Call for Paper: AAG Los Angeles, April 9 -13, 2013
Contesting Models of Ecological Urban Living: Eco-cities and Beyond
Sponsored by Urban Geography Specialty Group and Cultural & Political Ecology Specialty Group
In recent years, the term “eco-city” has increasingly been applied to a wide range of urban sustainability projects from minor retrofits, brown-field regeneration and clean-ups, to large-scale construction of new towns. The idea of the eco-city has inspired attempts by a wide variety of institutions and organizations to develop urban planning and policy models capable of increasing the sustainability of urban living. At the international level, both the United Nations and the World Bank have been involved with initiatives to standardize, measure, and monitor the “eco-ness” of urban living (Ecocity Builders, 2012; Suzuki et al., 2010). National and local governments from Canada to China have also developed their own visions of eco-cities, as have teams of designers working on flagship eco-city projects such as Dongtan Eco-City (Arup and Shanghai Industrial Investment (Holdings) Company Ltd, 2005) and Masdar City (Foster and Partners, 2008).
A common feature of eco-cities is their attempt to integrate virtually all aspects of urban planning, including housing, transportation, economic development, and participatory democracy, into a comprehensive model (Roseland, 1997; Hodson and Marvin, 2010; Dunn and Jamieson, 2011). In doing so, the eco-city aims to be a comprehensive approach, a model of sustainable urban form. However, while sharing much with more general ideas of the sustainable city, eco-city is also distinguished by an emphasis on the ideas that cities should be self-sufficient, and exist in harmony with their surrounding natural environments (White 2001, Giradet 2008, Wong and Yuen, 2011). This highlights a fundamental contradiction within the eco-city idea, as a predetermined set of goals or indicators can hardly account for the drastic variation in natural ecosystems and pre-existing socioeconomic conditions among cities. Empirically, evidence also reveals that existing eco-city projects are mostly products of place-specific circumstances, which may not be replicated elsewhere.
Nevertheless, much of the existing eco-city literature argues for the benefits of a set of principles to guide urban planning and highlights the successes of a small number of existing projects while glossing over the complexities of creating sustainable urban projects. There is a dearth of attention to the spatial, ecological and sociopolitical complexity in which the “best practice” of eco-city is produced, and to the contestations and conflicts between such best practices and place-specific contexts. Without a situated understanding of the production and contestations of the “best practice,” the possibility of alternative models (in contrast to a singular, hegemonic planning model) and the more nuanced role of eco-city models can play in a broader urban socio-technical transformations may be overlooked (Evans and Karvonen 2011, Spath and Rohracher 2011, Hodson and Marvin 2010).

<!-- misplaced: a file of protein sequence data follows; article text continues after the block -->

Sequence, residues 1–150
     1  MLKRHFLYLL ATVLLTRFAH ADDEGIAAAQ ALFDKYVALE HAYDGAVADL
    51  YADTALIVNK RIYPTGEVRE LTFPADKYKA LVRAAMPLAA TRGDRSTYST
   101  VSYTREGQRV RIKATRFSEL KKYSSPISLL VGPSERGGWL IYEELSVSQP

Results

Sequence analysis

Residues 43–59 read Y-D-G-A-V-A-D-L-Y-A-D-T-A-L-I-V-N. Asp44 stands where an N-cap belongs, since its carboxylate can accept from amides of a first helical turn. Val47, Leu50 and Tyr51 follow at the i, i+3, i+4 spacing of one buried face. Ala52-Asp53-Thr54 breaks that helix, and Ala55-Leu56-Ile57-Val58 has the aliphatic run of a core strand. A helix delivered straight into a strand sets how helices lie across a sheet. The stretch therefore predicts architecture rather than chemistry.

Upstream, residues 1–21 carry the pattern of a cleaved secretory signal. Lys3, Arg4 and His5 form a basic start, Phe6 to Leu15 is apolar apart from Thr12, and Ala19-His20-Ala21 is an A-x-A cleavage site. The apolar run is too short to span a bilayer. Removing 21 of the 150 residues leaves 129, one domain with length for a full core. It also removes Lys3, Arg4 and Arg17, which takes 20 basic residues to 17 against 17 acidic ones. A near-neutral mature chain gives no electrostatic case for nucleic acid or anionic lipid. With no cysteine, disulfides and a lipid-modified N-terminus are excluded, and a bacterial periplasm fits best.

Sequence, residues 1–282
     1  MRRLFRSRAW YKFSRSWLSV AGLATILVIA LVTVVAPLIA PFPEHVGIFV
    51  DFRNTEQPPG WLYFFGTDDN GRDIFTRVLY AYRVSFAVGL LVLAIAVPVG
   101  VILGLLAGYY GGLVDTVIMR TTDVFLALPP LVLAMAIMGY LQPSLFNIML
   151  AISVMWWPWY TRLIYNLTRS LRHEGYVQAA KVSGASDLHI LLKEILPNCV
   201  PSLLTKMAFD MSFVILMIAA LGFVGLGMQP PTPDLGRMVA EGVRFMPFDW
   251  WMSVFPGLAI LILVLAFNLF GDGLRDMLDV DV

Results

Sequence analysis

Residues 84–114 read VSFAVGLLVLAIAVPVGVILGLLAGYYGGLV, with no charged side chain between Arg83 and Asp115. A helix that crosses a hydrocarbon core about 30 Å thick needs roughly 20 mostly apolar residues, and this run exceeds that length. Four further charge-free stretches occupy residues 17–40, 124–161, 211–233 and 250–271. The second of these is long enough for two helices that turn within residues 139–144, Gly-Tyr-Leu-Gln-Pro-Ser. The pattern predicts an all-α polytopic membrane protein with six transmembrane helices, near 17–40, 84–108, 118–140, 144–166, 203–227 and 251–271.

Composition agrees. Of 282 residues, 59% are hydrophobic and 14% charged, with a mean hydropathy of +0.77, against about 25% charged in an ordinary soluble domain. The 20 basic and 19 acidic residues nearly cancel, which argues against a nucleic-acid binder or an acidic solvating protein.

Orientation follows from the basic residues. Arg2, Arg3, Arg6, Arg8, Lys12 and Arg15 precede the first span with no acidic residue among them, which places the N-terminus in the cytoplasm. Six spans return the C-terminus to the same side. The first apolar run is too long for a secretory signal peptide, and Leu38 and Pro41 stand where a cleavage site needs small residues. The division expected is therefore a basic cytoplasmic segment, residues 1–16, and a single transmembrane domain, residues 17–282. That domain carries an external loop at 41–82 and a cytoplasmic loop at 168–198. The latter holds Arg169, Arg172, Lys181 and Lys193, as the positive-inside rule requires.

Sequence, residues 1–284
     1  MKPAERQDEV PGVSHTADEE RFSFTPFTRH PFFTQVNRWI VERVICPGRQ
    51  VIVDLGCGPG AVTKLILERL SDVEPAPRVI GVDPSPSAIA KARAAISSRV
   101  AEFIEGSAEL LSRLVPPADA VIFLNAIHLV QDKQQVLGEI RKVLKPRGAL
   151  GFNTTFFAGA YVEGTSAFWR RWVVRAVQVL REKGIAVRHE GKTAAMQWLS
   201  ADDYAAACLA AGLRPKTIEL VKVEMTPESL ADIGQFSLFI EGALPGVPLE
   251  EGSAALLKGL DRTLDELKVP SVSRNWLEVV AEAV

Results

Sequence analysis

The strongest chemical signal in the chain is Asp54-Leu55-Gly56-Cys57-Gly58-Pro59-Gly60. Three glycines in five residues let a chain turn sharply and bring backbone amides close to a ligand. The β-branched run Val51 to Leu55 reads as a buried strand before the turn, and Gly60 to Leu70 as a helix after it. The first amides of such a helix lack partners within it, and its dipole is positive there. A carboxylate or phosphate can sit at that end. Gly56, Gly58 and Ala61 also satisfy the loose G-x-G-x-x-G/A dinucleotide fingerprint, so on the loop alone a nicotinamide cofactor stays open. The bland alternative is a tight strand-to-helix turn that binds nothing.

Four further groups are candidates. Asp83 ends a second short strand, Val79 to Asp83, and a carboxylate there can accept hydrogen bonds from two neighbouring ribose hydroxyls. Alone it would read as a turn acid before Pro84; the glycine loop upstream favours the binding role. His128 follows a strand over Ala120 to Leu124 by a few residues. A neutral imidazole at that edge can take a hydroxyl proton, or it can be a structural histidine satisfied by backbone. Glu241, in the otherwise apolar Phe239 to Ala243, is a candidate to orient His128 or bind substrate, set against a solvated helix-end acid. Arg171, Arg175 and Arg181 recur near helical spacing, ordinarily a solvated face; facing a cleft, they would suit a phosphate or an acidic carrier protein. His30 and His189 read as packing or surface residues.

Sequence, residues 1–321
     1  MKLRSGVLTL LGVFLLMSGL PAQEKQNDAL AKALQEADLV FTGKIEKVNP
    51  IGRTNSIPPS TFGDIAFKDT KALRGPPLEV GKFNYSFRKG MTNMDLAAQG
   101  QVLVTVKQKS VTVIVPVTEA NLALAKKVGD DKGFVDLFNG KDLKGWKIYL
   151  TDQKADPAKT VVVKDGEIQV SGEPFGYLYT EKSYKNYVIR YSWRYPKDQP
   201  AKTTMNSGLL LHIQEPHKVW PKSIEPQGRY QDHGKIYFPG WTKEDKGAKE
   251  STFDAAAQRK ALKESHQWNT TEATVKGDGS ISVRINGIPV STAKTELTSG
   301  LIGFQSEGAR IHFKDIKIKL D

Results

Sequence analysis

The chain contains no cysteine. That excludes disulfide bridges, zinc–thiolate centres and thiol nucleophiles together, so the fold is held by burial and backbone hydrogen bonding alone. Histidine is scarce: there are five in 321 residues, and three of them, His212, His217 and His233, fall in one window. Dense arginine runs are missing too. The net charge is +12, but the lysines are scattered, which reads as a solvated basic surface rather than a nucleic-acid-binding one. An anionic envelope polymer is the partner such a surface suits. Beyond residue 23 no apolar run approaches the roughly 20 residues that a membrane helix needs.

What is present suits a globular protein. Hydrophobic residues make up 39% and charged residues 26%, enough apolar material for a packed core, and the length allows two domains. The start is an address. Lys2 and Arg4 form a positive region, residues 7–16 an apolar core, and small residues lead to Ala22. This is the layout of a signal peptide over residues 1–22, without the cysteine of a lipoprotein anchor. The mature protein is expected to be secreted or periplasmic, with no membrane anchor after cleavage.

To echo the thematic focuses of the 2013 AAG in Los Angeles on climate change and global urbanization, and also to continue the collaborative effort from the sessions of “Unpacking the Eco-city Phenomenon: Variegations in Theory and Practice” in the 2012 AAG in New York, we would like to invite papers that critically reflect on eco-cities or model(s) of ecological urban living. Topics may include, but are not limited to, the following:
1. Inquiries on the construction of eco-city/eco-urbanism models for contemporary sustainable urban living, including theoretical engagement with the eco-utopian ideologies and the idea of city as an eco-system;
2. Analyses of the knowledge production of rco-city/eco-urbanism models and indicator systems, including research on the scientific foundation, experts and their practices that promote the eco-city models and related indicator systems;
3. Case studies or comparative studies of eco-city/eco-urbanism models and indicator systems, and socio-political contexts featuring these models and indicator systems;
4. Research on the mobility of eco-cityco-city/eco-urbanism models, specifically on the key actors, channels, and mechanisms in the global circulation of the models.
5. Practical evaluation and assessment of eco-city/eco-urbanism models and their influence over contemporary urbanism.
Interested participants are invited to submit their paper title, abstract (no more than 250 words) and Presenter Identification Number (PIN) to all three session organizers at I-Chun Catherine Chang (email@example.com), Elizabeth Rapoport (firstname.lastname@example.org), and Federico Cugurullo (email@example.com) by October 26, 2012. Authors need to submit paper abstract first through the AAG website to obtain the PIN.
Guidelines for preparing abstracts are available at: